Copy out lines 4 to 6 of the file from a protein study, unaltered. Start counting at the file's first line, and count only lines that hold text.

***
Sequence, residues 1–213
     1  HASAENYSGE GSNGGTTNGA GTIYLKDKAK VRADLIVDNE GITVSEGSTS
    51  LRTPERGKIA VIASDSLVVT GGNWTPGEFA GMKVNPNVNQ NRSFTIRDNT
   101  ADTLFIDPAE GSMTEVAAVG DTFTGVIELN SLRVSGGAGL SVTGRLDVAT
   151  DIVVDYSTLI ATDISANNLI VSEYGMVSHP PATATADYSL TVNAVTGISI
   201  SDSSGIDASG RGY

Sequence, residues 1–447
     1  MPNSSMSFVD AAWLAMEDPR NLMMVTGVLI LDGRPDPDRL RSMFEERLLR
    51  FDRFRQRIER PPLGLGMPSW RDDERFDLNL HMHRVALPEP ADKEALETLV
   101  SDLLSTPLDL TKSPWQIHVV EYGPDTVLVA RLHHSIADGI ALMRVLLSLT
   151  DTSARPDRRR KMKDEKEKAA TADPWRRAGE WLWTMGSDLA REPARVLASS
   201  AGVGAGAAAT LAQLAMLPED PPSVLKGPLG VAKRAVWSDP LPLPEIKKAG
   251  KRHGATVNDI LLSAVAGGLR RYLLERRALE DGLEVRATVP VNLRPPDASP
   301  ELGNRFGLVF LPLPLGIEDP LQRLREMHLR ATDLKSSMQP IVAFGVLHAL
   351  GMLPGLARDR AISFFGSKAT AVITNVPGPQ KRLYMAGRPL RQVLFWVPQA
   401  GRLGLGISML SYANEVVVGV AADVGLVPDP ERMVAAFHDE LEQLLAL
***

   101  ADTLFIDPAE GSMTEVAAVG DTFTGVIELN SLRVSGGAGL SVTGRLDVAT
   151  DIVVDYSTLI ATDISANNLI VSEYGMVSHP PATATADYSL TVNAVTGISI
   201  SDSSGIDASG RGY